California Faculty Union goes on Strike

Thursday, Nov 17, thousands of faculty members made history by participating in the first-ever strike of the California State University system.

The message to the Chancellor was loud and clear from six in the morning until dark: “If you don’t start making decisions based on what is right for the 99% this system serves – instead of the 1% of executives and upper managers running the system — these actions will continue.”

At CSU Dominguez Hills in Southern California, 2,000 people over the course of the day picketed the ten gates surrounding the campus.

At CSU East Bay in Northern California, according to published reports, 93% of classes were canceled for the day. Traffic was backed up for over a mile and a half into the city of Hayward. At noon, police were forced to cordon off the main entrance on Carlos Bee Blvd, effectively closing campus for the rest of the day.

“This week, we sent the Chancellor a powerful message,” said CFA President Lillian Taiz, a professor of History at CSU Los Angeles.

Taiz continued, “People are fed up with his ‘management first’ priorities. The CSU community is tired of seeing the Chancellor give huge raises to executives while student fees are hiked, faculty pay is stagnant, class sizes keep growing, and class offerings and faculty jobs are eliminated.

“Huge numbers of people came out to support the faculty this week – students, community members, staff, supporters from other unions, political leaders, and parents.

“Chancellor Reed is out of touch with the needs of the people in the trenches. Instead, he focuses obsessively on the compensation and perks of his presidents and his managers. The time has come for the Chancellor to prioritize the future of the people of California.

by Duane Campbell

CFA is a member of NEA, and SEIU. DSA Honorary Chair Cornel West addressed the strikers and East Bay and joined the picket line.

photo by David Bacon

State and local governments provide the most basic services to our populace – public education, police and fire, transportation, parks, libraries and basic infrastructure, not to mention funding half the costs of unemployment insurance and Medicaid. Yet with state and local governments facing a recession-induced budget shortage of close to $200  billion ( out of annual expenditures of $1.7 trillion dollars), the standard conservative and moderate Democratic solution is to slash essential services. Most localities will witness significant layoffs of police and fire personnel and close to 200,000 of the nation’s 3.4 million K-12 teachers received  pink slips by September 2011.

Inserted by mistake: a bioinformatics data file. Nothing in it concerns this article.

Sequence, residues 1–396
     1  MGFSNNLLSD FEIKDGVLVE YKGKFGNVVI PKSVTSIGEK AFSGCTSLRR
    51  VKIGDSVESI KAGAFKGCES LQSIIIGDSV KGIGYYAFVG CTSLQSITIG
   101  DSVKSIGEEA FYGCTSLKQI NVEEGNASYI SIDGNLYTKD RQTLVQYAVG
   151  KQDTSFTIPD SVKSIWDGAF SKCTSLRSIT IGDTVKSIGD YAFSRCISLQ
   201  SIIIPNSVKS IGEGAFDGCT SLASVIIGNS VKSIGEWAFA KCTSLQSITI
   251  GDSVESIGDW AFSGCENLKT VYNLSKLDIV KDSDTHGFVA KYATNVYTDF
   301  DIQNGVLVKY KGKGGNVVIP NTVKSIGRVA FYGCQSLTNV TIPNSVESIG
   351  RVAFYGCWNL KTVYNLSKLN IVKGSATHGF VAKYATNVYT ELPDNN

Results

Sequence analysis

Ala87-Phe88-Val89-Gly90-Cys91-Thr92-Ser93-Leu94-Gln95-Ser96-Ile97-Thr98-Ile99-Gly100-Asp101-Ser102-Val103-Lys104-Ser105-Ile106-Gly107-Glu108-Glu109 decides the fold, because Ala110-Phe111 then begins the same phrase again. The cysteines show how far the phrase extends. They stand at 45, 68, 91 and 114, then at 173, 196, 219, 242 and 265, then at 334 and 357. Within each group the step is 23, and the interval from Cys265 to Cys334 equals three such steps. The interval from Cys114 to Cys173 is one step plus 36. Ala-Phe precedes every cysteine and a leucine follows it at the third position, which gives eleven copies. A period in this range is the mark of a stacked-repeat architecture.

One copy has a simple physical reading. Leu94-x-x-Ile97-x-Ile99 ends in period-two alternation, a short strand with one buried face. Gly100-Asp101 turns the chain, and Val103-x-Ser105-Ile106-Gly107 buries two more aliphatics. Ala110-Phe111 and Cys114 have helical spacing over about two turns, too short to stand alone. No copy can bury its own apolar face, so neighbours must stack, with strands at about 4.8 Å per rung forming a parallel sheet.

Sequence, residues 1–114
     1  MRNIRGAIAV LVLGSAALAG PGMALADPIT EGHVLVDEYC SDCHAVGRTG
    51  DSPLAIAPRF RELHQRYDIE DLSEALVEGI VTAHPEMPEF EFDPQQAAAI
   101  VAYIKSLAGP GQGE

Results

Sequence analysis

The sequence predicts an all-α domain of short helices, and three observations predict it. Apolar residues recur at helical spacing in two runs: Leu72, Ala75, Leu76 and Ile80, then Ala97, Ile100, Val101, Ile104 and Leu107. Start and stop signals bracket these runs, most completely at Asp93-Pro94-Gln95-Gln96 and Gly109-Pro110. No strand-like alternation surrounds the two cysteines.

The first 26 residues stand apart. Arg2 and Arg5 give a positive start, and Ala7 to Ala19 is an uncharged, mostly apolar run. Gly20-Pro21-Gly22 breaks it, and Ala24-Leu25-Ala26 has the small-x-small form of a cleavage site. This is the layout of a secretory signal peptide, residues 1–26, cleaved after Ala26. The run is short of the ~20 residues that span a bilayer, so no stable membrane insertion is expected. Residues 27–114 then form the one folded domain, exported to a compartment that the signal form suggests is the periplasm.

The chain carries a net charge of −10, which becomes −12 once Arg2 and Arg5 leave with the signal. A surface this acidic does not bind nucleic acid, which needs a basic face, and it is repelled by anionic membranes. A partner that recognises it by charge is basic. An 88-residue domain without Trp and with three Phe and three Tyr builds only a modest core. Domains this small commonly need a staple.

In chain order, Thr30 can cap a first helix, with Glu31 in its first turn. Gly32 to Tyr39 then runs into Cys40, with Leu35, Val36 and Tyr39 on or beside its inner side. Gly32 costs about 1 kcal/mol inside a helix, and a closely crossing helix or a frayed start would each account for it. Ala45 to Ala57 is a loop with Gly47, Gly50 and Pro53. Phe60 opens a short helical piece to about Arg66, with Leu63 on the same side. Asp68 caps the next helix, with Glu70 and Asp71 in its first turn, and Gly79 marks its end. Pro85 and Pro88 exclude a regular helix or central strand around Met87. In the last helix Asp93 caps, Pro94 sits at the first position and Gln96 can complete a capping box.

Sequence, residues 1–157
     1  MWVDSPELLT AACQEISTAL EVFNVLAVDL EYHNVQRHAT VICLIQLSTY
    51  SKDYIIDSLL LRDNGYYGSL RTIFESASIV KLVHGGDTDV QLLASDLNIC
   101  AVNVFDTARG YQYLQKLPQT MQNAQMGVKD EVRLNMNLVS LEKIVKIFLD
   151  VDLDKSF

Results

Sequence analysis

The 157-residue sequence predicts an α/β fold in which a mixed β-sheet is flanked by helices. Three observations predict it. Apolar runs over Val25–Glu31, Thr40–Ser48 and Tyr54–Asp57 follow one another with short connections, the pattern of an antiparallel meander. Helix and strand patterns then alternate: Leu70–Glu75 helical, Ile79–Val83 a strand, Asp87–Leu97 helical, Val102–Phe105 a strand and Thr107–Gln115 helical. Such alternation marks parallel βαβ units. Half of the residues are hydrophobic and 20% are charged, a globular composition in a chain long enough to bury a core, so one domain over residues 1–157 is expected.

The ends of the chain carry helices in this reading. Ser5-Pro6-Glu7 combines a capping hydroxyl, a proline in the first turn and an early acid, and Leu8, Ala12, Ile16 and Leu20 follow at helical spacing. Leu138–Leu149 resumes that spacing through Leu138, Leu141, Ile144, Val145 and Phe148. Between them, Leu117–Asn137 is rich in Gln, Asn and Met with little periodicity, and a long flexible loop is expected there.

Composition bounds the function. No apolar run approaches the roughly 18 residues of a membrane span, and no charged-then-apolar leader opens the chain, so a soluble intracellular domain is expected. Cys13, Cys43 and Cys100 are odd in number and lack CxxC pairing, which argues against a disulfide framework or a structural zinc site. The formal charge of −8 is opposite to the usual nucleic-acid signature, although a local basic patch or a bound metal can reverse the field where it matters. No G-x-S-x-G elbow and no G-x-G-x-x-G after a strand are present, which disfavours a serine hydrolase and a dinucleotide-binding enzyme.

This fiscal crisis of the states did not fall from the sky; it resulted from the Great Recession brought on by unregulated financial speculation.

Absent renewed federal aid to states and localities, painful recessionary slashing of basic human services will accelerate in 2012.  Increased class sizes, withdrawal of Medicaid services, and cuts in basic uniform services have  devastated  the lives of ordinary working people and will send the economy into a further recessionary downturn.

It is clear that democratic policies will not be granted from on-high by politicians funded by corporate interests. They will only come through democratic protest  such as strikes and Occupy Wall Street and mobilization that forces elected officials to serve the people and not powerful private interests. That’s why Democratic Socialists of America will be working with people across the nation to mobilize against state and local cuts in basic human services and in favor of fair tax policies and sane national priorities that put human needs ahead of empire and corporate greed.

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2 Responses

  1. It is a shame the protest organizers are allowed to spread this message with little or no challenge from the media or even from the administration. The real reason for college tuition increases is the never ending escalation of pay and benefits for unionized college personnel. It is ironic that these same professors who get total compensation packages well into the six-figures per year are willing to preach what is essentially communist rhetoric at impressionable students, since they are among the most pampered beneficiaries of capitalism in the history of civilization.

    People who make in excess of $100,000 per year (at the least, when you factor in the costs of funding their pensions which on average are about 5x what you get under social security), take summers off, get several weeks of additional vacation during the school year, teach a few hours of class per week, and retire in their 50’s, should think about taking cuts to their pay and benefits, instead of forcing students to pay higher fees to support their lifestyles. They are hypocrites of the worst kind – willing not only to spew deceptive lies, but to do it to the actual victims of their greed.

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